The influence of entrepreneurial personality on franchisee performance: A cross-cultural analysis
Dada, Olufunmilola (Lola)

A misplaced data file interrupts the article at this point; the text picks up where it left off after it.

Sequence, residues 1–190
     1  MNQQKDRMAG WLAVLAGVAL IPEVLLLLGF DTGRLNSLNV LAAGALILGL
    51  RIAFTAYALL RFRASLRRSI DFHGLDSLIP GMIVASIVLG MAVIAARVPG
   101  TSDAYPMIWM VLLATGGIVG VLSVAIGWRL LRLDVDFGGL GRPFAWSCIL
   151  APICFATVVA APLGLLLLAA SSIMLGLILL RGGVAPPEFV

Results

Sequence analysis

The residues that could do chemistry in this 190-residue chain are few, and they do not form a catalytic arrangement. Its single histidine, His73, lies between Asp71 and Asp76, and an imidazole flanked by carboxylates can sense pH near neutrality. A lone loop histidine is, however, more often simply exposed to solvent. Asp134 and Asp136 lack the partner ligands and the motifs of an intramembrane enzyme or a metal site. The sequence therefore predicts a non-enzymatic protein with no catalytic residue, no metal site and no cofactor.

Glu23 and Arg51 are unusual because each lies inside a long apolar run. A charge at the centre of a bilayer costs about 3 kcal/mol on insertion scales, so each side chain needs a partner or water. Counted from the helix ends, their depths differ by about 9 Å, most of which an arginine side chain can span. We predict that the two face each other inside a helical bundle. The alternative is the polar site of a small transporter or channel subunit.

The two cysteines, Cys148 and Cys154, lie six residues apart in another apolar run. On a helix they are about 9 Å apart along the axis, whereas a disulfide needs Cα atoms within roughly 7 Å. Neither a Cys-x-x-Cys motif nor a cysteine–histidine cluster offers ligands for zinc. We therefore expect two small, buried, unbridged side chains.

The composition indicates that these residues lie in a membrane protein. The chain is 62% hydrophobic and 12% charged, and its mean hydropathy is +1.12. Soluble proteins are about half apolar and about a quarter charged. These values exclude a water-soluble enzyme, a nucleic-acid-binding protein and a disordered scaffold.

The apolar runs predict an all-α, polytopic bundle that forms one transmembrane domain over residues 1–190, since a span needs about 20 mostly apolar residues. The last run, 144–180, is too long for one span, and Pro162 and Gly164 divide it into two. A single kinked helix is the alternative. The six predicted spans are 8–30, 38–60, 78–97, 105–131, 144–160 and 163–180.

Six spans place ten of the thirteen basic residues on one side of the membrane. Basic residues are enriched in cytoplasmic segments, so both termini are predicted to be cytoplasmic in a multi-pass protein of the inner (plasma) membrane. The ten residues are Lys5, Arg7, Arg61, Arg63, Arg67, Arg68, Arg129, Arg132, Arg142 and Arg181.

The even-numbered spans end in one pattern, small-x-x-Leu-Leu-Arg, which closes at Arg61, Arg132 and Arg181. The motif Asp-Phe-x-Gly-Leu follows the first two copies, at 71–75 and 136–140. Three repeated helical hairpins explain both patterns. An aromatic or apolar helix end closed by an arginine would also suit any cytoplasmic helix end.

Through a survey-based study of 761 franchisees from four countries, the United States, the United Kingdom, France and Spain – this research examines how a franchisee’s entrepreneurial personality traits affects the financial and relational performance of franchise units. While there is consensus that franchisee characteristics are important for successful franchise networks, there is a long-standing debate within the franchise literature as to the status, and indeed desirability, of franchisees as entrepreneurs. First, we consider how the personality traits of proactivity, innovativeness and locus of control influence the manifestation of entrepreneurial behaviours within the franchise unit, and both the direct and indirect relationships with unit performance. Second, we explore these relationships in two contexts, one associated with high entrepreneurial values (the United States and the United Kingdom) and another with low entrepreneurial values (France and Spain) to determine if the results are consistent across cultures which value entrepreneurship differently. The results suggest that franchisee performance, in terms of both financial performance and relationship quality, are indirectly enhanced by a proactive disposition, mediated by entrepreneurial behaviours. A direct positive relationship was found between locus of control and performance outcomes, but interestingly, franchisees with more innovative personalities performed less well financially. The relationships between franchisee personality, entrepreneurial orientation (EO) and performance were found to be largely consistent across the two cultural groups.